Maggie Gallagher's reliable sleight of hand
It was a few months after she helped pass the discriminatory Proposition 8, roll back equality in California, and write marriage discrimination into the Golden State's constitution that I first heard Maggie Gallagher go on in length about how she was the supposed victim of the same-sex marriage fight. "They're going to call us bigots," was the gist of her fearful claim. Listen to that speech here; my response to it here.
What struck me at the time, and what continued to strike me in the subsequent years in which she and her movement adopted this "victims" meme writ large, was the way Maggie stripped the concept of merit (or lack thereof) out of the situation altogether. Not only would she pretend that hers was simply a cause to "protect marriage," the purposely installed defense system behind which anti-equality conservatives have long been hiding, but she would also fully exclude the very real pain and practical repercussions that citizens who are in, or who might someday want to be in, a same-sex civil marriage experience as direct result of her chosen line of work. It was always as if she was simply selling daisies on the side of the road, and those of us who challenge Maggie's cause were simply out to get her. It was like we had nothing better to do with our time so we thought we'd just go after this "innocent" writer and her views.
Fast forward to the year 2014, and we find the same Maggie, surely battle weary and possibly even regretful over the failing strategy that she very much helped develop, yet still woefully (and I suspect deliberately) obtuse when it comes to what her work has actually wrought. She lays this out in a new piece for National Review Online, where she argues that "the left" has essentially played dirty on the issue of marriage and is now applying that to other fights. Here's a pertinent snip:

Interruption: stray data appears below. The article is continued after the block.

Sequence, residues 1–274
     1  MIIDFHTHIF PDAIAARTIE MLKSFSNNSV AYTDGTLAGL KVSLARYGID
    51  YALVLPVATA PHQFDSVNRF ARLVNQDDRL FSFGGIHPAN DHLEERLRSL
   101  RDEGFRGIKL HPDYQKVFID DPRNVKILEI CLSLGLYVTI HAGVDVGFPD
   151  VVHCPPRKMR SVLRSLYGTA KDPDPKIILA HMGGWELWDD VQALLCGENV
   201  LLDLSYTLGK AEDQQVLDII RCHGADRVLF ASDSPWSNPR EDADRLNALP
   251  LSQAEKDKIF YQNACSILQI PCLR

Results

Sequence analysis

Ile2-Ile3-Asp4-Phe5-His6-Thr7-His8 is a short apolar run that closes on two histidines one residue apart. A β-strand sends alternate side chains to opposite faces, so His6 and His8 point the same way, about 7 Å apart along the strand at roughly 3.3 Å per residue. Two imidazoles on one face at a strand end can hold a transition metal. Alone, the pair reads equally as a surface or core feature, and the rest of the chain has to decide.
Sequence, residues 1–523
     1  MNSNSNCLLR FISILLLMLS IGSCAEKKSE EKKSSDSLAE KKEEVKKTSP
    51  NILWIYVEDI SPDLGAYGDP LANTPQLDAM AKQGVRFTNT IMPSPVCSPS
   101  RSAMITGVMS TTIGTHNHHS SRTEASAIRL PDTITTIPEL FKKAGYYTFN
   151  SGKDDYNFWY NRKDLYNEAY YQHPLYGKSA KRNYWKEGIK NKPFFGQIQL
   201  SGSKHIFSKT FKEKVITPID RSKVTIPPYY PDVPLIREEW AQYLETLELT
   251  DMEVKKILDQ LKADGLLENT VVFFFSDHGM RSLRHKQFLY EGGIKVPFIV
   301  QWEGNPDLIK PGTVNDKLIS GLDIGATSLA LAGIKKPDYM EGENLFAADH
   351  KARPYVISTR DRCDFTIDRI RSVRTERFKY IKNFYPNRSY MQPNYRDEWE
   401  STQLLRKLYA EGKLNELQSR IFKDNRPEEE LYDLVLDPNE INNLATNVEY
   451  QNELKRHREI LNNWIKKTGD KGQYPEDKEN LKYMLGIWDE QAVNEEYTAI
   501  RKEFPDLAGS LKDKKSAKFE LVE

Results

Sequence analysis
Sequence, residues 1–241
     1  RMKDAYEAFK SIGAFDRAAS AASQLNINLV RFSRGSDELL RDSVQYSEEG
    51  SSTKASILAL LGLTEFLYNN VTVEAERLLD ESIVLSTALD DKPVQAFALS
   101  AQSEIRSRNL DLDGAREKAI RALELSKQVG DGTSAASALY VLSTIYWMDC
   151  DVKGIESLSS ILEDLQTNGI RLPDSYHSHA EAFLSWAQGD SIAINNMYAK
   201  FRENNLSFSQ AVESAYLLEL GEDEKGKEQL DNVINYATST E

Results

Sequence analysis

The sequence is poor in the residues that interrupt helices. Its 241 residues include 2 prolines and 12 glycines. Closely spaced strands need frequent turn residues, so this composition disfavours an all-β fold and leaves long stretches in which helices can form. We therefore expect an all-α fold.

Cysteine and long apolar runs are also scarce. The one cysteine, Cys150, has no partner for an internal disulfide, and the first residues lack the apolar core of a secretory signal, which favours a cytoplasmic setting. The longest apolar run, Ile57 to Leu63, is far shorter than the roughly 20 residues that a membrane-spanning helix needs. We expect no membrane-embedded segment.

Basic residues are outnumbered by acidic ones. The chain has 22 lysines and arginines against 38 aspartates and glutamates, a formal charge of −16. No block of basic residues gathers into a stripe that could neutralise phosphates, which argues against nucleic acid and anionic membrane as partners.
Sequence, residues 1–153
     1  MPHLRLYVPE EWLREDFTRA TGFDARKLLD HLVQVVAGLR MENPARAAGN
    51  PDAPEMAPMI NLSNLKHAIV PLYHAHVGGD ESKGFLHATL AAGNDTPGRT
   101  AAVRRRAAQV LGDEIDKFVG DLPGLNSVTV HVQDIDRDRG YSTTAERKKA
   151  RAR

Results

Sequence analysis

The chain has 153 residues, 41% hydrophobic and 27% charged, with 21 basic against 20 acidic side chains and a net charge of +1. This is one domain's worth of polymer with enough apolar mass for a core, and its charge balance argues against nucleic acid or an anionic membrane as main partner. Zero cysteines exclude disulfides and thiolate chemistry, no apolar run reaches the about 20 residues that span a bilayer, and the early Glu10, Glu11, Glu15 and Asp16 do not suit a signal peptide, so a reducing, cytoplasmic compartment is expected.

The recent flaying of Brendan Eich for the sin of donating to Prop 8 was only the visible wedge of a far larger mechanism at work. At a seminar in Washington, a young left-leaning member of a usually conservative religious denomination challenged me on this point: “Doesn’t it show that executives shouldn’t donate to controversial issues?” she asked.
Don’t kid yourself, young lady; the business owners who donated against Prop 8 faced no such effective retaliation for their private and personal donations. Right now, the stigma game is one-way, directed by those who have power and know how to use it against traditionalist communities they hate. (No doubt, if cultural conservatives had more power like that, they would use it in ways that would outrage liberals — I am not making a moral point here, just pointing out the mechanics as truthfully as I can.)
FULL: Organizing Groupthink // The Left applies lessons learned from gay-marriage victories to the next war. [NRO]